August 20, 2001


To What Extent Does Productivity Drive the Dollar?, the latest edition of the New York Fed’s Current Issues in Economics and Finance, is enclosed for your review.

Differences in productivity growth between the United States, Japan and the euro area account to a substantial extent for the ten-year swings of the real dollar exchange rate over the past three decades, according to Cedric Tille, Nicolas Stoffels, and Olga Gorbachev. Specifically, the robust productivity growth achieved by the United States in the 1990s explains three-quarters of the strengthening of the dollar against the yen and two-thirds of the dollar’s appreciation against the euro in that decade.

The authors draw on earlier theoretical work indicating that the impact of productivity gains on a currency’s value depends on the distribution of the gains between the economy’s traded sector (export and import-competing industries) and nontraded sector (industries producing for the domestic market and facing no competition from abroad). According to the theory, productivity growth will lead to a real exchange rate appreciation only if it is concentrated in the traded sector of an economy.

Examining sector-specific productivity patterns within the United States, Japan, and the euro area, the authors find that the "sectoral productivity gap"—productivity growth in the traded sector minus productivity growth in the nontraded sector—has increased substantially in the United States while it has remained relatively steady in the euro zone and fallen in Japan.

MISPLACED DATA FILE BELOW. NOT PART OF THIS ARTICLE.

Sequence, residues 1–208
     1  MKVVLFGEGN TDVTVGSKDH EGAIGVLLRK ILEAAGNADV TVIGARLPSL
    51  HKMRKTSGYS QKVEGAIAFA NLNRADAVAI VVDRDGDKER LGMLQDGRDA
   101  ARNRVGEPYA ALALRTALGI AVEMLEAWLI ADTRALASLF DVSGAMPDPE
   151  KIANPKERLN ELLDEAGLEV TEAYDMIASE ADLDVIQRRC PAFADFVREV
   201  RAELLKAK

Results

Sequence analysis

To determine whether these sectoral patterns can account for dollar-yen and dollar-euro exchange rate movements over a long time period, 1970-1999, the authors construct a measure of productivity growth differentials that compares the sectoral productivity gap in the United States with the corresponding gaps in Japan and the euro area. "By tracking the changes in this measure over time," the authors note, "we can identify the changes in the real exchange rate that can be directly attributed to productivity gains."

The authors find that the sectoral productivity gap can explain most of the fluctuations in the dollar-yen real exchange rate between 1970 and 1999. It also performs well—although not as consistently—in explaining movements in the dollar-euro exchange rate over the thirty-year period.

Contact: Peter Bakstansky or Steven Malin

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